Opened 9 years ago

Closed 9 years ago

#3315 closed enhancement (implemented)

update our tor-legal-faq from eff's new version

Reported by: arma Owned by: phobos
Priority: Medium Milestone:
Component: Webpages/Website Version:
Severity: Keywords:
Cc: Actual Points:
Parent ID: Points:
Reviewer: Sponsor:


We should grab the text parts of it, convert it to wml, and update our page.

Child Tickets

Change History (6)

comment:1 Changed 9 years ago by wseltzer

I wonder about "Should I run an exit relay from my home?" The current text seems a bit alarmist to me. We're not aware of any United States incidents, and few outside the United States. Shall we also suggest university research facilities?

Instead of the Yes/No, what about: "Where should I run an exit relay?"

Since exit relays appear to be the "source" of traffic routed through the Tor network, you might consider running exit relays from network colocation or non-home locations.

If law enforcement becomes interested in traffic from your exit relay, it's possible that officers will seize the computer to look for evidence. For that reason, it's probably best not to run your exit relay in your home or using your home Internet connection.

Instead, consider running your exit relay in a commercial collocation facility where you contract for Internet services, or in a university or research setting. Have a separate IP address for your exit relay, and don't route your own traffic through it.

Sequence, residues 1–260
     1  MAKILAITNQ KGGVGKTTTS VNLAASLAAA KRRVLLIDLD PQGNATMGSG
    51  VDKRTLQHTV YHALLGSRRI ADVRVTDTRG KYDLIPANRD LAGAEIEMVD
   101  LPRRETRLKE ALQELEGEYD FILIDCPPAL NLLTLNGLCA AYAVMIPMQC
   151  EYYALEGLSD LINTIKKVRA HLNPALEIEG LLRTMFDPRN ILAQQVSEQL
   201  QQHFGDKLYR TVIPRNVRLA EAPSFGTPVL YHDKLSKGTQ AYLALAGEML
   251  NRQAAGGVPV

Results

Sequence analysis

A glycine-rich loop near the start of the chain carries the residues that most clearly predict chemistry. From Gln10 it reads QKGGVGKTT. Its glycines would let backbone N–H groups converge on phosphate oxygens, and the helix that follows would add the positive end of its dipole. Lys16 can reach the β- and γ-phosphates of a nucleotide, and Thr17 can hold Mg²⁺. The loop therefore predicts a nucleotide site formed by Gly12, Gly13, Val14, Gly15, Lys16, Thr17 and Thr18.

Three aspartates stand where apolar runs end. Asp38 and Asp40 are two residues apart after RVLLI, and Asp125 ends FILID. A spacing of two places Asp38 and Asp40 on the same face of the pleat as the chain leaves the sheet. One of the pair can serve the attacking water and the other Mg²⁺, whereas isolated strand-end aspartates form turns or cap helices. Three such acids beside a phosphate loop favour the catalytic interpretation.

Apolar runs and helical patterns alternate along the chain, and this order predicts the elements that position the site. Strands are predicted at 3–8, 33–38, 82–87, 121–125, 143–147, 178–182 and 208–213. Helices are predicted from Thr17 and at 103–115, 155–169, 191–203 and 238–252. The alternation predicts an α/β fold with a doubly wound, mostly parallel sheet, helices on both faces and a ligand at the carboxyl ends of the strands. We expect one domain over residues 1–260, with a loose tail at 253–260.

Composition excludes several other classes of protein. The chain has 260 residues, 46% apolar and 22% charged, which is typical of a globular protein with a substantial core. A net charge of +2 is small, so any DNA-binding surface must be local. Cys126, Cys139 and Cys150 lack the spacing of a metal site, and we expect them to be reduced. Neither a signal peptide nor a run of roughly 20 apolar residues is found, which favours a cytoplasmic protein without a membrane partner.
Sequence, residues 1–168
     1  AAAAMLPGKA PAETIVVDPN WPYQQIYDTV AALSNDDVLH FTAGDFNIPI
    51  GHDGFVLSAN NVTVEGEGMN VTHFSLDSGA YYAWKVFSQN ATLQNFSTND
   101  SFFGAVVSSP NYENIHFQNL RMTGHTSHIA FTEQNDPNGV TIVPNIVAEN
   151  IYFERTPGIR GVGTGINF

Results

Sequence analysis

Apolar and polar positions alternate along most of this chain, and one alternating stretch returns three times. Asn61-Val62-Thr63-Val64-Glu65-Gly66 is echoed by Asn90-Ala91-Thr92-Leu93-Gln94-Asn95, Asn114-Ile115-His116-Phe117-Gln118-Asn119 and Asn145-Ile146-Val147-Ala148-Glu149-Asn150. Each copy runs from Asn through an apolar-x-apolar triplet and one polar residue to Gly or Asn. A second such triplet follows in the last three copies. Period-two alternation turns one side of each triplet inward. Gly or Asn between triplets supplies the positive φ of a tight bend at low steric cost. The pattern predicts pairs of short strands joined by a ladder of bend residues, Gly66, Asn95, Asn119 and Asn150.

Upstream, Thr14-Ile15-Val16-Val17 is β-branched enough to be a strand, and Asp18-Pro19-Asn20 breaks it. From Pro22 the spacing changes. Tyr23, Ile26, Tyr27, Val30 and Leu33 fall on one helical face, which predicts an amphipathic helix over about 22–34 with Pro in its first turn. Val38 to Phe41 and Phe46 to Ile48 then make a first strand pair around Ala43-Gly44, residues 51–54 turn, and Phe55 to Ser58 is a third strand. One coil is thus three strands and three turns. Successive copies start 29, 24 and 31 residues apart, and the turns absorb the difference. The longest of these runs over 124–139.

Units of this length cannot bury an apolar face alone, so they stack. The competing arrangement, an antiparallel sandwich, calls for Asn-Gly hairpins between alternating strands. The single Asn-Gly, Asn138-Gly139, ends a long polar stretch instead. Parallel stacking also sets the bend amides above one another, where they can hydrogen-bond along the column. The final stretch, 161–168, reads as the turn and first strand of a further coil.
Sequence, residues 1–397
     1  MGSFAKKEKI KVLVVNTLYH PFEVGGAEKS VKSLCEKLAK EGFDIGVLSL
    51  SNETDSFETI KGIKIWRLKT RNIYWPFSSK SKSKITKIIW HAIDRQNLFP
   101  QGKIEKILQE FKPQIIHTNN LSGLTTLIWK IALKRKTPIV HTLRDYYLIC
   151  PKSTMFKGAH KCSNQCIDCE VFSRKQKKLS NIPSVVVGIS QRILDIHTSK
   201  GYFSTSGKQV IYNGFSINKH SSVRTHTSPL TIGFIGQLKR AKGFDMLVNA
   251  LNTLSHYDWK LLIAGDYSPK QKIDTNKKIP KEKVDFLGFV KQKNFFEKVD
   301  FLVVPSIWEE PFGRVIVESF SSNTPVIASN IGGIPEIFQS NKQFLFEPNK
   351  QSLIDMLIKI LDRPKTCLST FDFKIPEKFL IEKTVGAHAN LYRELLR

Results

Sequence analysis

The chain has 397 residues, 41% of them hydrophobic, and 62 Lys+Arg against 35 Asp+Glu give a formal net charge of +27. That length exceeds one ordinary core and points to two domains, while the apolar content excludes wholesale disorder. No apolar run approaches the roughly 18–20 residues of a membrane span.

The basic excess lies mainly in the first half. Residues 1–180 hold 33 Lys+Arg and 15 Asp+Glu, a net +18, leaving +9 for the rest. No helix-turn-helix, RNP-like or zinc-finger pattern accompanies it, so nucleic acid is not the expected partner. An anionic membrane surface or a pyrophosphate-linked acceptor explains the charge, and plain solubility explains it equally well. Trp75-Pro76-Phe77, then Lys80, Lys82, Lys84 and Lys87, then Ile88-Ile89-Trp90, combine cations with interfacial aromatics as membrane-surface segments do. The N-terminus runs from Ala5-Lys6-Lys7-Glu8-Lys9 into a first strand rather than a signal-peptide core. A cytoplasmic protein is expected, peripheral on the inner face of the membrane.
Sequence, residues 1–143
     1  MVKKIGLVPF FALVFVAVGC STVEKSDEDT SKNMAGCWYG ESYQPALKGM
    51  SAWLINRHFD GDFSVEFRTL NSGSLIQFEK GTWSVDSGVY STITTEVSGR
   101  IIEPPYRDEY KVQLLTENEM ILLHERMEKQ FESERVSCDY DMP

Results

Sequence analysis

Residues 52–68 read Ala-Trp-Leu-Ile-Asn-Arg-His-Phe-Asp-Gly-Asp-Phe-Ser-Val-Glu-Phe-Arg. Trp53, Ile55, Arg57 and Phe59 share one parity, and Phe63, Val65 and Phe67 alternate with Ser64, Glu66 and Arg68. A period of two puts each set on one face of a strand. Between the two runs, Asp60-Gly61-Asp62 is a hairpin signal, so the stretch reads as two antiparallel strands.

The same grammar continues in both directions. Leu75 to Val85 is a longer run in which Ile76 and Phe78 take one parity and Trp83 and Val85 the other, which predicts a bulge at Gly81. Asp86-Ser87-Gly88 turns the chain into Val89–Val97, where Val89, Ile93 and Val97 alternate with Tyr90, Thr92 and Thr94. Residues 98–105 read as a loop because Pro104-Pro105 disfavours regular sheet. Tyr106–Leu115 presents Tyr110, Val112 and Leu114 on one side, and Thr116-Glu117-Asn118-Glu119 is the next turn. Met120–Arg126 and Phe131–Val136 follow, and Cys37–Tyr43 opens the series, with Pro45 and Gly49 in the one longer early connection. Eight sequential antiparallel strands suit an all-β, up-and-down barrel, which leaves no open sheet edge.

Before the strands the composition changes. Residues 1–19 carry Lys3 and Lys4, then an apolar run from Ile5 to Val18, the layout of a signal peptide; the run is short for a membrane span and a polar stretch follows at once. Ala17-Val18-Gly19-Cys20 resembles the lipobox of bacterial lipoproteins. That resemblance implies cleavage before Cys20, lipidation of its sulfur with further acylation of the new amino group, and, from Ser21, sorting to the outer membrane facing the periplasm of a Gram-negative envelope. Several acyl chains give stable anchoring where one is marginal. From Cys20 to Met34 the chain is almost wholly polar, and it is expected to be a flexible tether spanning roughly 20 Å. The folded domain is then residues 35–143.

Of course, you should avoid keeping any sensitive or personal information on the computer hosting your exit relay, and you never should use that machine for any illegal purpose.

comment:2 in reply to:  1 Changed 9 years ago by arma

Replying to wseltzer:

I wonder about "Should I run an exit relay from my home?" The current text seems a bit alarmist to me.

Right -- that issue stuck out for me as well.

More generally, it seems that the tor legal faq has two types of questions: legal questions and more fuzzy practical advice.

I can see two benefits to saying a clear "No" about running an exit relay at home. The first benefit is that it reduces the number of users who get surprised. The second benefit is that EFF can respond with "we clearly told you not to do that" if anybody comes to them in that situation.

But I worry about the edge case on the other side, where somebody actually has a good relationship with their ISP, and it's a reasonable situation for running an exit relay there, but they read the FAQ entry and decide against it "because the EFF told me I should never do that."

comment:3 Changed 9 years ago by cypherpunks

For the home user advice, how about instead of "No" saying "Probably not" and then noting what Roger just said, viz: You may of a good relationship with your ISP and be in a reasonable situation to run an exit relay from home, but for most people the risk is too great... followed by existing or similar text about the risks.

My guess however is that it's not worth it at the moment, and the more negative version makes sense. The expected increase in exit nodes and capacity will not be enough to make up for the expected negative reactions/publicity/network-dynamics resulting from even just a few people who thought they were OK and were surprised to be wrong. But this is just my gut sense with no real knowledge to back it up. -Paul

comment:4 Changed 9 years ago by phobos

Status: newaccepted

What if we just pointed them at the eff versions, rather than convert? I find these new versions are defanged and wishy-washy compared to what we have now.

comment:5 Changed 9 years ago by wseltzer

Sure, we could just link. Or we could rebrand our versions as not-the-EFF, since they seem to care and I agree the new ones are weaker.

comment:6 Changed 9 years ago by phobos

Resolution: implemented
Status: acceptedclosed

replaced our copy with EFF's.

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